Management consultancy Accenture grabbed headlines this year when it announced that it was doing away with performance reviews for its 336,000 employees.
Chairman and chief executive Pierre Nanterme believes it is the right move as the review process is bloated, with too many assessment criteria while consuming "millions of hours" managing it over three months every year.
Instead of motivating or evaluating people, performance reviews have become a process of piling on tons of metrics and objectives, which leads to forcing rankings along a statistical distribution curve, said Mr Nanterme, who is based in Paris.
He told The Straits Times on a recent visit to Singapore: "Performance reviews say 50 per cent okay, 5 per cent excellent and 10 per cent below average. This idea you are going to treat people as a statistic and forcing it in your ranking is not appropriate.
"The outcome is questionable and we are done with that."
Accenture will start a new process next year where managers on the ground will get feedback from their staff. Employees will be assessed on three to four factors instead of the 20 or so now.
The new system is being tested in a few countries.
"We have a few options and we will learn from the tests. Then we will roll out globally to our operations in 120 countries," said Mr Nanterme, who was here to meet customers in Singapore and in the region.
The revamped process is about going back to the basics where the manager on the ground will do the assessment, rather than follow something that has been given to him by the global human resources department.
"We have selected the leader on the ground, so he should lead. He knows his people. He has to evaluate, be accountable and responsible to his staff, and not follow something... or having to stick his people into some ranking."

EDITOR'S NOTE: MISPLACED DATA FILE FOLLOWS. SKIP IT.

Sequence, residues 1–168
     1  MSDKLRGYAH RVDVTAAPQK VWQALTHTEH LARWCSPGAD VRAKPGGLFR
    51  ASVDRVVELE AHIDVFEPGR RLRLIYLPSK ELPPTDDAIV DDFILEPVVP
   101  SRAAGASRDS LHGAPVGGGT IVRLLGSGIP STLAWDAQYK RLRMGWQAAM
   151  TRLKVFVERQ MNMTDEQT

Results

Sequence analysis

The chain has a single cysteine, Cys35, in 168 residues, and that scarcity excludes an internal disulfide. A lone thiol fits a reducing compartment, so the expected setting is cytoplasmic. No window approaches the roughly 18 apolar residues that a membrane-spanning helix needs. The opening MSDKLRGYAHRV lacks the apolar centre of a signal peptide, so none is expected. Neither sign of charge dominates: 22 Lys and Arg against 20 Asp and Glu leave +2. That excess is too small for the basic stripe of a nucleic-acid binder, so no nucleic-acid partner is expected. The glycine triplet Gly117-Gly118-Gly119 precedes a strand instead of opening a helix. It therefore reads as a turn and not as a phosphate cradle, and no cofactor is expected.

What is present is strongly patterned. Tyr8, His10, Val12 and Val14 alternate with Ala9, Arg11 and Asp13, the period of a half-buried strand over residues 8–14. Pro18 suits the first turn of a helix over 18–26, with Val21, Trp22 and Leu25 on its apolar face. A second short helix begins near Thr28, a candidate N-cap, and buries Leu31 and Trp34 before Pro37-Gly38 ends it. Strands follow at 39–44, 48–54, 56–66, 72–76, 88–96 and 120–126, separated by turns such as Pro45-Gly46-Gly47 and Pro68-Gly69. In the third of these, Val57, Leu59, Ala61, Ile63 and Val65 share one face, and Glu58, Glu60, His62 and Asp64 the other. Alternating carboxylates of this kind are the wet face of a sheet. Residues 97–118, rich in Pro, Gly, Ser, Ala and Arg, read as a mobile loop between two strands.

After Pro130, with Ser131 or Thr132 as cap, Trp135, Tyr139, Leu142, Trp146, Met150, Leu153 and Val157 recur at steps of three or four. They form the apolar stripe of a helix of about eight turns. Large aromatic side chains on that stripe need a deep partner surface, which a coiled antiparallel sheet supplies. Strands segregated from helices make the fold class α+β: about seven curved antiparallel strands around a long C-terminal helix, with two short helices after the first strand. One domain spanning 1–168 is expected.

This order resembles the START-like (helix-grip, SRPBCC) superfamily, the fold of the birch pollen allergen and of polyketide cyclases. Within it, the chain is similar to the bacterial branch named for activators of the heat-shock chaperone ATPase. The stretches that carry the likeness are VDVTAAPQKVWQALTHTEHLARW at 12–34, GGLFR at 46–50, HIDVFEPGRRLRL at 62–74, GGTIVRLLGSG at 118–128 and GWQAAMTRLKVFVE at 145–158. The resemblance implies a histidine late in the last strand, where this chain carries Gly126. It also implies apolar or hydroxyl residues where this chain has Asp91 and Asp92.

This new assessment has also been driven by the entry of younger or millennial employees, who are used to regular feedback on their social media networks.
Society, said Mr Nanterme, is moving in real time where people know everything they need to know in their social media networks and on their digital devices, and where they can connect with people around the world in a second.
"Who is going to wait for the annual review to get feedback when you are talking to your friends and colleagues immediately. I want to know how I'm progressing and performing now and not a year later."
With more millennials joining, Accenture has to go with the "flow" or else its employee retention and motivation will be affected. The multinational, which employs 1,900 people in Singapore, is not alone in dumping performance reviews. Video-streaming service Netflix, professional services firm Deloitte, software giants Microsoft and Adobe, and retailer Gap have all opted for a new approach.
Accenture's management consultants run projects that generated revenues of nearly US$32 billion (S$45.7 billion) last year. They identify opportunities and define strategic approaches for customers, which include governments and Fortune 500 companies. They not only frame new strategie, but also implement them.
With a new performance review, Accenture's global human resources has a better job now, that of formulating its skills strategy.
"In this digital age, we are also impacted like other companies. How many business scientists, data analysts and digital designers do we need? Where do we hire them? We are creating new jobs, so we need new profiles.
"There are also other issues like staff retention; how do we create an experience where our people will remain with us? These activities are more exciting than creating performance processes."
As the company prepares to hire about 100,000 people a year, many of whom are millennials, it is also aware that older workers need to stay relevant. Mr Nanterme is putting his attention on staff who are over 50, many of whom may think they have been sidelined.
"Age has nothing to do about being relevant. It is about your courage and ability to learn that is key to staying relevant. The difference today in the workforce is between people who want to continue learning and people who are not up for learning new things."